While drug abuse and sexual immorality place adolescents at a risk of dropping school or contracting venereal diseases, low self-esteem is also a formidable force in destroying the future of young people. Self-esteem stems from an internal conviction within an individual, but also from the comments made by other people regarding a person. Some of the compliments that people give to an individual include the recognition of their intelligence or good physical looks. Male adolescents, in particular, develop self-esteem from the appreciation from peers of their strength, height, brevity, and intelligence. If a negative complement regarding these attributes is made, boys may lose self-esteem which and can be detrimental to their academics and emotional wellbeing. Early, mid, and late adolescent boys who regularly watch music videos of muscular and attractive singers report low happiness levels, poor mood control, and a general dissatisfaction with their upper body physique (Mulgrew, Volcevski-Kostas, & Rendell, 141). Music videos display artists who have the ideal body shape. This shape is enviable by the viewers despite the impracticability of achieving it in the short run. Male artists having the ideal body physique are considered attractive by women, and adolescents boys who are attention seekers strive to emulate the artists. Even the well-built boys whose muscles are smaller than those of the said artists feel unsatisfied with their looks and therefore suffer from low esteem. Low esteem is sometimes associated with unsociable behavior. There is evidence to prove that people with low self-esteem are socially excluded, and more predisposed to criminal behavior. In other words, watching music videos is partly involved in the deterioration of self-esteem, which in turn promotes unsociable behavior among the youth.
It is indeed true that popular culture creates a subculture within the society, with the members of the miniature cultural group adopting a characteristic behavioral pattern that defines them. Some of these members are adolescents who watch music videos together. These videos influence their behavior and diminish their self-esteem, predispose them to illicit sexual behavior, and place them at a higher risk of consuming drugs like marijuana and alcohol. One of the ways through which illicit sexual behavior manifests itself is through sharing explicit content through the social media and text messaging services. Music videos promote this immoral behavior at a magnitude more or less that of pornography. Adolescents tend to emulate their idolized artists whom they consider successful and popular. Therefore, if music videos depict a drug-using artist as successful, the adolescents are likely to ape their behavior as shown in the music videos. Lastly, male adolescents who perceive artists as having perfect body shapes often feel demoralized by their physical looks. Consequently, they develop a negative opinion of themselves which ultimately manifests as low self-esteem. In line with the differential association theory, adolescents with a low self-esteem are likely to engage in anti-social behavior at some point in their life.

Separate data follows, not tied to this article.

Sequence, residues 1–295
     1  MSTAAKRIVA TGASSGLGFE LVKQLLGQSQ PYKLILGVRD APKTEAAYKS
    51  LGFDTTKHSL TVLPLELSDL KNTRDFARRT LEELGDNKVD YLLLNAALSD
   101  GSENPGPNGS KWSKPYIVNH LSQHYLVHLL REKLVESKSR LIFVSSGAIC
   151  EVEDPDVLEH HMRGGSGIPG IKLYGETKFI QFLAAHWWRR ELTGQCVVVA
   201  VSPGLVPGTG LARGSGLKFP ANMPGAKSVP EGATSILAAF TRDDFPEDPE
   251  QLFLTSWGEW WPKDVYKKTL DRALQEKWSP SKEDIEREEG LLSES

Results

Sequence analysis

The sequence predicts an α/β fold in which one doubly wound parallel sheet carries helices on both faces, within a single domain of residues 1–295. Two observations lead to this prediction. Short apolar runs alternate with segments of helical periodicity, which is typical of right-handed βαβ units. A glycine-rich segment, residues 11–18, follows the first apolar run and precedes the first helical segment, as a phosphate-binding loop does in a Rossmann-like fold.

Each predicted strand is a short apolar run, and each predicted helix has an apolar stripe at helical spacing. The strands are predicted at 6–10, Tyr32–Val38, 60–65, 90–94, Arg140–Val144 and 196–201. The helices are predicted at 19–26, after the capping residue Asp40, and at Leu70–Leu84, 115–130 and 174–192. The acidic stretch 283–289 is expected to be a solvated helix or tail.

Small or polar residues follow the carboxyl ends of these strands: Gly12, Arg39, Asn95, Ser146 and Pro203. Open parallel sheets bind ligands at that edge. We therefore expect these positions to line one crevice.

Mulgrew, Kate E., Diana Volcevski-Kostas, and Peter G. Rendell. "The effect of music video clips on adolescent boys body image, mood, and schema activation." Journal of youth and adolescence 43.1 (2014): 92-103.
Slater, Michael D., and Kimberly L. Henry. "Prospective influence of music-related media exposure on adolescent substance-use initiation: A peer group mediation model." Journal of health communication 18.3 (2013): 291-305.
Van Ouytsel, Joris, Koen Ponnet, and Michel Walrave. "The associations between adolescents' consumption of pornography and music videos and their sexting behavior." Cyberpsychology, Behavior, and Social Networking 17.12 (2014): 772-778.